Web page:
And my ‘good’ heroine? Gah, she kept crying through one of the first, skeletal drafts. She didn’t like the forest, or being far from home, and she was worried she would lose and everyone would laugh at her. Okay, I see her point – but the heroines I like to read about, and the ones I want to write, have more courage than that. Of course they don’t like the scary forests, who would – the clue’s in the name, scary – but they figure out winning ways to get through it, tossing about quips and feats of cunning while they are at it. Hmmph. It is not as easy (of course) to write a character who is heroic, yet real, as it is to read one. Someone relatable yet still fantastic enough to warrant a tale. I’m getting there, but it will take a few more drafts ’til I am satisfied.

So. Here are some songs to write heroines by – whichever side they are on, good or evil. I didn’t want anti-man songs, or love songs if I could avoid it – the songs should be about how ace they are, not how rubbish boys are. These are songs that give me a swagger, so I hope that’ll be the case for your characters, as well.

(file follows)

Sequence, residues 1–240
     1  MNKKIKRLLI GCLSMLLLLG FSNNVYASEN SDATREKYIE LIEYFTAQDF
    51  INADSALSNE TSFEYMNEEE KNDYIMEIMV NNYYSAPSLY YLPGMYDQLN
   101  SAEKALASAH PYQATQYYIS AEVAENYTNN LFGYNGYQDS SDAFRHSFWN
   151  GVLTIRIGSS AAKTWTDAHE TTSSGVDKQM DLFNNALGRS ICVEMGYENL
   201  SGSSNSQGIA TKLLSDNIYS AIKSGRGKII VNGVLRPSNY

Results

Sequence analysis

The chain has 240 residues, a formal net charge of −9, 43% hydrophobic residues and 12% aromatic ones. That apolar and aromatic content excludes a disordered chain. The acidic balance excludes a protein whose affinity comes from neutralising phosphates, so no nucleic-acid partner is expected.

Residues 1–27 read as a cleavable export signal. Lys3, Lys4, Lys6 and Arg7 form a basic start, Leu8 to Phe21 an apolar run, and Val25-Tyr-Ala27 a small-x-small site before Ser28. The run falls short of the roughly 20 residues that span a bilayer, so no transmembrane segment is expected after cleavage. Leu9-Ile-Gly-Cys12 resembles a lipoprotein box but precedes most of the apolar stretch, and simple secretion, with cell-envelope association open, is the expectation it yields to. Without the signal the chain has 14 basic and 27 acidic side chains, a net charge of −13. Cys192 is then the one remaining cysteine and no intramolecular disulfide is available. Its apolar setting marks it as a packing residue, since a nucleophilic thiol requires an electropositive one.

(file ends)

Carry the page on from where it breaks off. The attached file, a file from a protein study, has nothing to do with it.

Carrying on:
As usual, if you don’t see a player please follow this link to 8tracks.com

(8tracks can only play songs in the same order twice, something to do with copyright & licensing. Here’s the tracklisting for the first couple of listens:

Wang Dang Doodle – PJ Harvey
Not Too Soon – Throwing Muses
The Littlest Birds – The Be Good Tanyas
Gone Again – Patti Smith
Walking Back to Happiness – Helen Shapiro
Rock ‘N Roll – Elastica
Monster Hospital – Metric
Feed The Tree – Belly)

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Music to Write Words By


I knew this post about background music was coming up, and I thought about trying to appear learned, discussing studies and suchlike and making a serious point. I was going to do research and links and everything.